SOC 2442 – Systems of Inequality
This course will examine various types of inequality (race, class, gender) in the US and abroad. We will discuss sociological theories covering various dimensions of inequality, considering key research findings and their implications.
SOC 2900 – Economy and Society
Markets, firms, and money are part of everyday experience. Economists insist that they should work similarly independently of their social context. The central idea of economic sociology is that economic institutions are ’embedded’ in social relations. We will study what embeddeness means, and what it implies.
SOC 3020 Introduction to Social Theory.
“An introduction to the major theoretical issues and traditions in sociology, especially as developed in the writings of Marx, Weber, and Durkheim, Sociology majors are expected to take this course in their third year.”
SOC 3290 – Sociology of Childhood
The class introduces the “new social studies of childhood” and the idea that the experience of childhood is a social construction, not a string of biological facts. Topics include: how caring for children varies across time & space, and considering childhood in the context of Western cultural trends – increasing inequality, unequal distribution of overwork, poverty, war, liberty, decreasing privacy, consumerism, sexualization, networked society.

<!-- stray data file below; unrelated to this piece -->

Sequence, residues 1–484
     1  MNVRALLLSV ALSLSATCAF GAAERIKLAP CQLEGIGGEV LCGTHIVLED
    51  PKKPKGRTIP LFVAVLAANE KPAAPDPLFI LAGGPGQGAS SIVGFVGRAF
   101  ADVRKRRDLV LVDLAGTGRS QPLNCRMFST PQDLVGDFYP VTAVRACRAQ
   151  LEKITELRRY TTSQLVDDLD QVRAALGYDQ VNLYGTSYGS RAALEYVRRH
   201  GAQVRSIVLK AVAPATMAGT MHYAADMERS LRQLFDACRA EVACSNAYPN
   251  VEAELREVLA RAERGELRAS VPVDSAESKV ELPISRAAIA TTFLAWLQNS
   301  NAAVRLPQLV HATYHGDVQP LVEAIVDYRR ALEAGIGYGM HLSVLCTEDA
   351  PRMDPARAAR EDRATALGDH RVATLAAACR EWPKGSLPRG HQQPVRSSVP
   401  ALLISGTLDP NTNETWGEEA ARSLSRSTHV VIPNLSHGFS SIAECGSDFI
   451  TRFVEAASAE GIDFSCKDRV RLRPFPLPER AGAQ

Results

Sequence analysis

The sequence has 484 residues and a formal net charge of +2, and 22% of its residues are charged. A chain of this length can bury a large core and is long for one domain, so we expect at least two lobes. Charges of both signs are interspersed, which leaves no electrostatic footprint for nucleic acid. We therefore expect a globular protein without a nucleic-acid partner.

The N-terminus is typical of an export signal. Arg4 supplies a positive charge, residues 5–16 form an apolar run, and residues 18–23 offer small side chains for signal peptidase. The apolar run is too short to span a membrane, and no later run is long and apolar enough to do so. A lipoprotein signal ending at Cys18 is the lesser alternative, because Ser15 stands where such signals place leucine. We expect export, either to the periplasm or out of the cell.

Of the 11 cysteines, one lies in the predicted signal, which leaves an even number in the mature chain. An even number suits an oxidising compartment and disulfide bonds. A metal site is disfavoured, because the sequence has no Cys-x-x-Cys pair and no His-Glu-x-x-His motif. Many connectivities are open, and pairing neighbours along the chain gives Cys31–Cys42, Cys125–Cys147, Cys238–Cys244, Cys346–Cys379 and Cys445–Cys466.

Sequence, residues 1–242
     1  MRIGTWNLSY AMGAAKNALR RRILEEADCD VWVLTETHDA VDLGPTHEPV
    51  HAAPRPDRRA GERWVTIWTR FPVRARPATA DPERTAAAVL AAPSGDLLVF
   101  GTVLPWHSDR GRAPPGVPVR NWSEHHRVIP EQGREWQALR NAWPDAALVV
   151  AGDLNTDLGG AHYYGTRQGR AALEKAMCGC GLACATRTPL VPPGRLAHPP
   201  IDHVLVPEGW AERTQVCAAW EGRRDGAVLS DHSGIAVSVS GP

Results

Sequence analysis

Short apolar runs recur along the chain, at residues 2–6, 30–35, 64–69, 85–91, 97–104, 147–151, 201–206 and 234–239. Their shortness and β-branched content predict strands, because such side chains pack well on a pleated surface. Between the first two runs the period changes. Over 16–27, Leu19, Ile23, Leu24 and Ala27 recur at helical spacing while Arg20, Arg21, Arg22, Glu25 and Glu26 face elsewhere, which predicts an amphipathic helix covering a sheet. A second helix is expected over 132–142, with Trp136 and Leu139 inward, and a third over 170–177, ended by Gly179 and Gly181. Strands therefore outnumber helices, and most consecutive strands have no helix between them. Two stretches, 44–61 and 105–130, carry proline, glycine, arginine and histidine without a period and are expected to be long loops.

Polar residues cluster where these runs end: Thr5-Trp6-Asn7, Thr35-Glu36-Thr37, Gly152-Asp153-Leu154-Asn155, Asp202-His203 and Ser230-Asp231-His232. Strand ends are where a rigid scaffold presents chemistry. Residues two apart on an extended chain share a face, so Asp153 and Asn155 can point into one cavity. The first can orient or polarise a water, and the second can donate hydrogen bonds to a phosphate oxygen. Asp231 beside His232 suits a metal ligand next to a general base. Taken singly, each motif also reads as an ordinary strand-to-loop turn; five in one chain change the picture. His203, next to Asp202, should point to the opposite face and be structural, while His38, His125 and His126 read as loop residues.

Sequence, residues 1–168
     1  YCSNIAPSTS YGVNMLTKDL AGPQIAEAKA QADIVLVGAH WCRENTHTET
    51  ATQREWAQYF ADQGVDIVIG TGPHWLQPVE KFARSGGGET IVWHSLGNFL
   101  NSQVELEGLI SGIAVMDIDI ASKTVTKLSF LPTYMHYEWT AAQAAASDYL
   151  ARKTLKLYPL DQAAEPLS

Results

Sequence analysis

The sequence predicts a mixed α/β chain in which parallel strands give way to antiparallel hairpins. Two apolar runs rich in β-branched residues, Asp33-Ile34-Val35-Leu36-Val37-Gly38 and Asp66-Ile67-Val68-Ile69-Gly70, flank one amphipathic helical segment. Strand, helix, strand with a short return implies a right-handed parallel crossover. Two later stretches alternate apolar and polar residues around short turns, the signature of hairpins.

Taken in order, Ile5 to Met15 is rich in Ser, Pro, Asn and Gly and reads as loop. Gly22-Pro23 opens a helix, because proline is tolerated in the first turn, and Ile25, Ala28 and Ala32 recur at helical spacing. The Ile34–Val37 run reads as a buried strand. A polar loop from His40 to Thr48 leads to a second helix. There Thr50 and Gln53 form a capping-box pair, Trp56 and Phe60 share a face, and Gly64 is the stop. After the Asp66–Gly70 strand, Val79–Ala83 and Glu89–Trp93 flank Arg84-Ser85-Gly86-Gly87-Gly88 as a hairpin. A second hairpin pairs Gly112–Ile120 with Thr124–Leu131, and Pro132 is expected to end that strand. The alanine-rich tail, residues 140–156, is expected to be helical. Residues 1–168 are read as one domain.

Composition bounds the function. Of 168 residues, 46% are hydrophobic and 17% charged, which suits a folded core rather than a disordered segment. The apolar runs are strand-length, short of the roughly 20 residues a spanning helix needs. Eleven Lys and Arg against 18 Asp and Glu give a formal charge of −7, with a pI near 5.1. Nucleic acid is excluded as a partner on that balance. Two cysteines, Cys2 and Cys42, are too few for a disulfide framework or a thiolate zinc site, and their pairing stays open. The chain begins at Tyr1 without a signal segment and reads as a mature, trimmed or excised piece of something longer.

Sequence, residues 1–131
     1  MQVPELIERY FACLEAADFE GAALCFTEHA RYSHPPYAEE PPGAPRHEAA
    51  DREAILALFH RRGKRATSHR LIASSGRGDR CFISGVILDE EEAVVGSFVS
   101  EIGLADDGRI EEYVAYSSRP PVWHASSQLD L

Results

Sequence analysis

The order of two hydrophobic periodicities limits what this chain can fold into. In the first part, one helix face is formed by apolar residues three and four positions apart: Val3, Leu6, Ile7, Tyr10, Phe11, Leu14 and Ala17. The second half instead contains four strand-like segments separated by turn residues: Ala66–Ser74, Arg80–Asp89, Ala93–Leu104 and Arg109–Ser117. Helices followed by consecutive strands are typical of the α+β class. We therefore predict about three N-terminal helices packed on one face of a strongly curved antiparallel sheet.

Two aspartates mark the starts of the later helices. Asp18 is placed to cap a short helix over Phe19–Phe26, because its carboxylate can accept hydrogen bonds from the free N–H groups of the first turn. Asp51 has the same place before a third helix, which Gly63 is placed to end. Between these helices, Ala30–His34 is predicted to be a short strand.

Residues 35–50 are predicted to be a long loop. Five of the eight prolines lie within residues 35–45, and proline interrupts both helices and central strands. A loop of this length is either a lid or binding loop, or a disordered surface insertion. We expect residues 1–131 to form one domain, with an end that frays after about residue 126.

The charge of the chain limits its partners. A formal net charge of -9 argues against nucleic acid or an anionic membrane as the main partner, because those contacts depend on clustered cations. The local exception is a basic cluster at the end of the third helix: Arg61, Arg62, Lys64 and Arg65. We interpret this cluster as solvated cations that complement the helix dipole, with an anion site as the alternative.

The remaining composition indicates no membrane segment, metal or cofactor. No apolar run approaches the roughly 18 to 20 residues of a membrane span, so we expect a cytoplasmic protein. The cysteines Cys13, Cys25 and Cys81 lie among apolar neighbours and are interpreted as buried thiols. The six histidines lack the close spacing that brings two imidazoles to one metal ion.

SOC 3410 – Race & Ethnic Relations
“Introduces the study of race and ethnic relations, including the social and economic conditions promoting prejudice, racism, discrimination, and segregation. Examines contemporary American conditions, and historical and international materials.”
SOC 3559 – Environment, Globalization and Development
SOC 3640 – Human Society in History
“Human societies exist in time. This course will examine the historical development of a variety of societies from earliest times to the present. Its focus will be on the relation of the West to the rest of the world.”
SOC 4055 – Sociology of Law
“After a brief history of legal sociology during the past century, the course introduces and elaborates a sociological theory of legal behavior….”
The characteristics of the sociological theory of crime reject free will in favor of social environment as the cause of criminal behavior.
“People engage in criminal behavior because they do not see the benefits of adhering to conventional social values and believe that crime is a way to improve their social, financial conditions.”